Get Creative With Layer Masks Using Photoshop Elements
If you’ve never used Layer masks in Photoshop before then you’ll be amazed at what they can do to help you with editing your photos. Layer masks are used for many tasks including: retouching, colour correction and sharpening to name a few.
Today I’m going to use a photo of some seagulls in flight over a digital frame, of course, you can use any photo. The idea is to make the seagulls appear to fly out of the frame with the help of Layer masks using Photoshop Elements.
First you’ll need to create a digital frame. You can do that by following the guide on one of my previous posts ”Create a Digital Frame With Photoshop Elements”.
Next you’ll need a suitable photo
Open both your images (photo and digital frame). To see both images at once go to the top of the screen and click > Window > Images > float all in windows. You should now see both images on the screen.
Click on the photo (in my case the seagulls) and press Ctrl-A to put a selection around it then Ctrl-C to copy the photo. Now switch to the digital frame and press Ctrl-V. This will paste the photo on top of the digital frame on a separate layer.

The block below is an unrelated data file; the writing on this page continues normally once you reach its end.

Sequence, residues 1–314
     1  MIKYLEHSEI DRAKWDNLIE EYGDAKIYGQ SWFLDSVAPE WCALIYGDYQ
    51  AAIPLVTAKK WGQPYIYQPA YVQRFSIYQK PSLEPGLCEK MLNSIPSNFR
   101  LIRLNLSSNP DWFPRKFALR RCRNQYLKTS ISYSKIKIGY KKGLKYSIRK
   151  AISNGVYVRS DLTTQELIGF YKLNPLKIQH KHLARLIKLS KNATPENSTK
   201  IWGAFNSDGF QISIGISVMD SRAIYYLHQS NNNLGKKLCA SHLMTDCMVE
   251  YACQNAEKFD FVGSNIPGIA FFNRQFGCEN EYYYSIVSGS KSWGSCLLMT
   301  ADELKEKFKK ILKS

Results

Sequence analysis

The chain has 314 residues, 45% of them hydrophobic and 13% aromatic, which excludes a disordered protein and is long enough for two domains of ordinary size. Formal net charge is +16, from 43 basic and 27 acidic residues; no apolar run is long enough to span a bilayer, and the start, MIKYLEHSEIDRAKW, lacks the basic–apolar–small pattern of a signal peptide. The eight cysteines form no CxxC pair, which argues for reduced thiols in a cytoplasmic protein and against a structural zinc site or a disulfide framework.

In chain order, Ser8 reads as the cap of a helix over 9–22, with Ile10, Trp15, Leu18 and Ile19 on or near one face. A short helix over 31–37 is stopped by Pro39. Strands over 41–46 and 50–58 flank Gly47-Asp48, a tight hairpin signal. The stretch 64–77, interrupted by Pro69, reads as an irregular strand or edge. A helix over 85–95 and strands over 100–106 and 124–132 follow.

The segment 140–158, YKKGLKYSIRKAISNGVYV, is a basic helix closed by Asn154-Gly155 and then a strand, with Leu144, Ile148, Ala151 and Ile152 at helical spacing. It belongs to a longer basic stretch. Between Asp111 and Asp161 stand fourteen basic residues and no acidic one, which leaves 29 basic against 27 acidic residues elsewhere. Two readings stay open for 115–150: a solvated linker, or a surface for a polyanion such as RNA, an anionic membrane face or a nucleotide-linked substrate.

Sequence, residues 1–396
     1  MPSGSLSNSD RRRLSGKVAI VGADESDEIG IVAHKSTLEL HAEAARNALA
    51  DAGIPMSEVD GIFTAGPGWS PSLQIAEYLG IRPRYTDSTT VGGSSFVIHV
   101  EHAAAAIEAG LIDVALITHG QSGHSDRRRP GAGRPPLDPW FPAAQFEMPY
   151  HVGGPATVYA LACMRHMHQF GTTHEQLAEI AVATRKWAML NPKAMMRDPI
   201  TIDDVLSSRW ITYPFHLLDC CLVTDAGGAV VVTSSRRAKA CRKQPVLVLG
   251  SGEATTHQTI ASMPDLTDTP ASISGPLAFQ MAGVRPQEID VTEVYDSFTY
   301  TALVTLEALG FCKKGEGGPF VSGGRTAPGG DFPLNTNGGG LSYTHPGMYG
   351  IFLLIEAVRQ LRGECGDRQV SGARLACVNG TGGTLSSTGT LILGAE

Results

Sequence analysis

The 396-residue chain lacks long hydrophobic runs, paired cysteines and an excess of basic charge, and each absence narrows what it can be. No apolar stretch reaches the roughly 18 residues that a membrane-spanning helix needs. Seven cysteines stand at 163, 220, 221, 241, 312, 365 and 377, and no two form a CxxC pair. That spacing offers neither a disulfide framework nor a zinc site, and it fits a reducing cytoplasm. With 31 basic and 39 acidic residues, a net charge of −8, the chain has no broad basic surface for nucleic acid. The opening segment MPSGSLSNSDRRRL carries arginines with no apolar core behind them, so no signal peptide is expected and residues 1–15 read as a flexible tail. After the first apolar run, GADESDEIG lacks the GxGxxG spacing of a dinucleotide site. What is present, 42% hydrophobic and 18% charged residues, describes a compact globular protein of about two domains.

You can now close the original photo. You are now left with only the document with two layers.
To change the floating layer back to a tile form (better to work with!) at the top of the screen click >window > images > tile.
Now you need to hide the top layer by clicking on the eye icon to the left of it in the layers palette.
The screen now looks like this:
Click on the background layer in the layers palette and select the Rectangular Marquee tool by pressing ‘M’. Make a selection just inside the digital frame (here, it’s the rectangular inner square).
Reveal the photo by clicking on where the eye icon was. The rectangular square I drew is revealed again. I want to keep the portion of the photo that’s inside the rectangle and reveal some of the other parts that are not.
Click on the add layer mask icon at the bottom of the layers palette (second icon from the left). You should see the rectangular area of the photo that was previously selected (below).
Now we’re going to get more flexibility and control by using the brush tool to reveal other parts of the photo.
Click B to select the brush tool, choose a small soft edged brush. Set your foreground colour to white by pressing X. (I’m assuming that your foreground colour was black to start with, if it wasn’t just press D first and then X ).
Now start painting over the areas you want to reveal, if you make a mistake and reveal too much just press X to set your foreground colour to black and paint over the mistake.
In the finished article below I’ve added a little colour using the paintbrush tool.
Here’s some More Ideas: